WOODY AND ME
When I was little (say, six years old) my mom decided that I should
learn "proper" dance. First she tried me in a ballet class, but the
classical ballet positions hurt my ankles (warning of things to come)
and I didn't like them. So then she enrolled me in a Modern Dance class
taught at the local Y. The lady who ran the class was named Marjorie
Mazia, and I heard the name mentioned so often around the Y that I
Sometimes Ms. Mazia would have a musician come in to play for the
class. He didn't play piano, as I'd expected, but 6-string guitar. He
also didn't play Classical music but folk-tunes, lively little kids'
songs that little kids couldn't resist dancing to. He was short and
skinny, had bushy black hair and peculiar eyes; in shadow they seemed
indeterminate dark, but in the light they were distinctly silver. I'd
never seen silver eyes before, so I remembered them.
I was the smallest kid in the dance class, so of course I got picked
on. Ms. Mazia didn't notice a lot of the bullying, but the little
silver-eyed man with the guitar always did. When the other kids started
picking on me, he'd play a lively tune and the other kids would leave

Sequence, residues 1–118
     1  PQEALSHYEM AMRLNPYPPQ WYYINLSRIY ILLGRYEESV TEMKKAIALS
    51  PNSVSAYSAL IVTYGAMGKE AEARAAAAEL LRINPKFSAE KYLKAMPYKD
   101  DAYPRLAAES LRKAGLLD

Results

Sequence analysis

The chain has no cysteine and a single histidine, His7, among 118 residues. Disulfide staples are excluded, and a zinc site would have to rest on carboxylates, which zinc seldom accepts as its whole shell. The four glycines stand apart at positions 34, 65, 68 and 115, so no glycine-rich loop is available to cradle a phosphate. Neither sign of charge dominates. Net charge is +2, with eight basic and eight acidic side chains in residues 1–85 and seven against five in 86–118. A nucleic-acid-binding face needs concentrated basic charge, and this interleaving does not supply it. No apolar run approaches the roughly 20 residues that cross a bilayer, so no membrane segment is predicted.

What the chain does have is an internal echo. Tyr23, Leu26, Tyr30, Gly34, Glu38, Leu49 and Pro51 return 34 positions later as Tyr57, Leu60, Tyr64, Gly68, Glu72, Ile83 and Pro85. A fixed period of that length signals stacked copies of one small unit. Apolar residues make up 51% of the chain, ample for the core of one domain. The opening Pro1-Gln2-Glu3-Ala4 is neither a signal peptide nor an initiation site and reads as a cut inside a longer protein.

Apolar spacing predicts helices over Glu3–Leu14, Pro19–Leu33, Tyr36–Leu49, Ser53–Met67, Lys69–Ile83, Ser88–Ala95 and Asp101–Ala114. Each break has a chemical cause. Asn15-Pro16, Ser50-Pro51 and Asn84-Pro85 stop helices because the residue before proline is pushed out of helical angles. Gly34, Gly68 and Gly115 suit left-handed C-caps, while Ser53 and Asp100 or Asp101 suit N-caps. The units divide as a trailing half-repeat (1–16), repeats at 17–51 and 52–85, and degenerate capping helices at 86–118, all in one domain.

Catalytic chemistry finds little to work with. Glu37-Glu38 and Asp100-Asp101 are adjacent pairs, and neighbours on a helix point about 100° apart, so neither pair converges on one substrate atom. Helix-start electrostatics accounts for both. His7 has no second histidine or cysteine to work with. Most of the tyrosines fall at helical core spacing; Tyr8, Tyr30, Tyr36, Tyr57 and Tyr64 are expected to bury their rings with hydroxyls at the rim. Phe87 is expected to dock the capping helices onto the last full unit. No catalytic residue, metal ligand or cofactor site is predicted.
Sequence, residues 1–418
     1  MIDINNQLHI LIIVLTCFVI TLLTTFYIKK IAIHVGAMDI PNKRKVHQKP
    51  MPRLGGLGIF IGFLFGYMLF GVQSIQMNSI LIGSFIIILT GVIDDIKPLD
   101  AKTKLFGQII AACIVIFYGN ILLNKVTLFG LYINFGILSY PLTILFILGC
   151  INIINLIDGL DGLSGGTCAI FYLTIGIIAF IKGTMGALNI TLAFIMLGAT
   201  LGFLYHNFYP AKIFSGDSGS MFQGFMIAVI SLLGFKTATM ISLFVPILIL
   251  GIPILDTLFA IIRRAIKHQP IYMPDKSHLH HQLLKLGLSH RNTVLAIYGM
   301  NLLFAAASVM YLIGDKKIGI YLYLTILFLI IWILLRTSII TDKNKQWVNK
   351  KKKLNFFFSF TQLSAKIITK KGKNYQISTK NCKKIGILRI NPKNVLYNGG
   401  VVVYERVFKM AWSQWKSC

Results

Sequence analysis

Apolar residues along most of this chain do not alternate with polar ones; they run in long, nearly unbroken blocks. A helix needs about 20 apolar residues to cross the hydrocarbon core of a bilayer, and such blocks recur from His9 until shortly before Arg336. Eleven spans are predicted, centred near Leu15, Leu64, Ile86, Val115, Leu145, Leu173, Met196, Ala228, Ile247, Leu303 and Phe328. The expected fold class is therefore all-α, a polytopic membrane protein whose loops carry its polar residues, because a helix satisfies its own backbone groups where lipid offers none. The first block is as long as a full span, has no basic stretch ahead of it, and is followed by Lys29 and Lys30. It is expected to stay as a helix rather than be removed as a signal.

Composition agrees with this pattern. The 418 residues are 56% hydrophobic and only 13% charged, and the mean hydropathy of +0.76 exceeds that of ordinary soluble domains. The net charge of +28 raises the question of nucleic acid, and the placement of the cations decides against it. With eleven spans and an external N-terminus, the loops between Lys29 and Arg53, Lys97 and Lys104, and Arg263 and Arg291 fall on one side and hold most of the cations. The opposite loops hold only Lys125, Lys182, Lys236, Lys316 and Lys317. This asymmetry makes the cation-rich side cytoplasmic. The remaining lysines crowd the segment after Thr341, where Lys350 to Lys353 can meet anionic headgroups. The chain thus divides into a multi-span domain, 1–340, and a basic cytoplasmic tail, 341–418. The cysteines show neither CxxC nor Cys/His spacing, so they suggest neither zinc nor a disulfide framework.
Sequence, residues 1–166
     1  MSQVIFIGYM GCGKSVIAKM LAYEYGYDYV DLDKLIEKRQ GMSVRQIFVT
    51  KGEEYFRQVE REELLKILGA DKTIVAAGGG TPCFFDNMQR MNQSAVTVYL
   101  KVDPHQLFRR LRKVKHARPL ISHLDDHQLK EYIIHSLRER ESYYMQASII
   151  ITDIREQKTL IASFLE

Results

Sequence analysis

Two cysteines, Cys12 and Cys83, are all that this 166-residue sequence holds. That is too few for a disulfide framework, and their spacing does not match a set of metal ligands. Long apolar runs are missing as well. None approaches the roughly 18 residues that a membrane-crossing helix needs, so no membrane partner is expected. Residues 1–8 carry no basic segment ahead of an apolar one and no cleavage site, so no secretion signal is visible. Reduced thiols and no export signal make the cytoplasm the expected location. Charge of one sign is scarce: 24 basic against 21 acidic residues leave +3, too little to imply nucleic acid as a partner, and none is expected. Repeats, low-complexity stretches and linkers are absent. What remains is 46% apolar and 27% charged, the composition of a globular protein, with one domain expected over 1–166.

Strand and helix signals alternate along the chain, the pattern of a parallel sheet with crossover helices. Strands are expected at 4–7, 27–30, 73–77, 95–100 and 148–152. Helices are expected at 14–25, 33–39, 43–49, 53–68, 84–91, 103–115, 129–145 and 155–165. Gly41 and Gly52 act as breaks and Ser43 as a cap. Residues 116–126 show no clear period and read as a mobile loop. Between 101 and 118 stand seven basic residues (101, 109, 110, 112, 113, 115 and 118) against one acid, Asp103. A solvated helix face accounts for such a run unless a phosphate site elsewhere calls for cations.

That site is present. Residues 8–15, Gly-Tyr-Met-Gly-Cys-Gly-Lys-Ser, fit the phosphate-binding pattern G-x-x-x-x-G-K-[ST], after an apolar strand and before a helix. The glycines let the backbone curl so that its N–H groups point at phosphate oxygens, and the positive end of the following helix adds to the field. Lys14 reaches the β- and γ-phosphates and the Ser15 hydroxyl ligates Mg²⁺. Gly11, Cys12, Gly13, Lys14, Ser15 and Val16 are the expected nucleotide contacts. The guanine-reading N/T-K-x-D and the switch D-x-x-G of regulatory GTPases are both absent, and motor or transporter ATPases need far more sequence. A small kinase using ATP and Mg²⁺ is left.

off bullying me to go and dance instead. I was exceedingly grateful to
that little silver-eyed man and his songs.
Eventually Mom decided that I'd learned enough Modern Dance to be
fashionable, so she took me out of the dance class and sent me off to
the Brownies instead. After that it was piano lessons (which I was
never good at; the keyboard just wasn't my instrument), and then
ballroom dancing, and fashion school, and so on.
Unfortunately for Mom's plans to make me a Proper Lady, I fell in
love with folkmusic. After years of trying to make me give up "that
awful cowboy music", Mom eventually relented and bought me a guitar --
which I took to like a duck to water. I also began studying folkmusic
seriously, working my way through the local library and music stores,
and learning to play and sing the songs I discovered.
Inevitably, studying American folkmusic, I came across the name of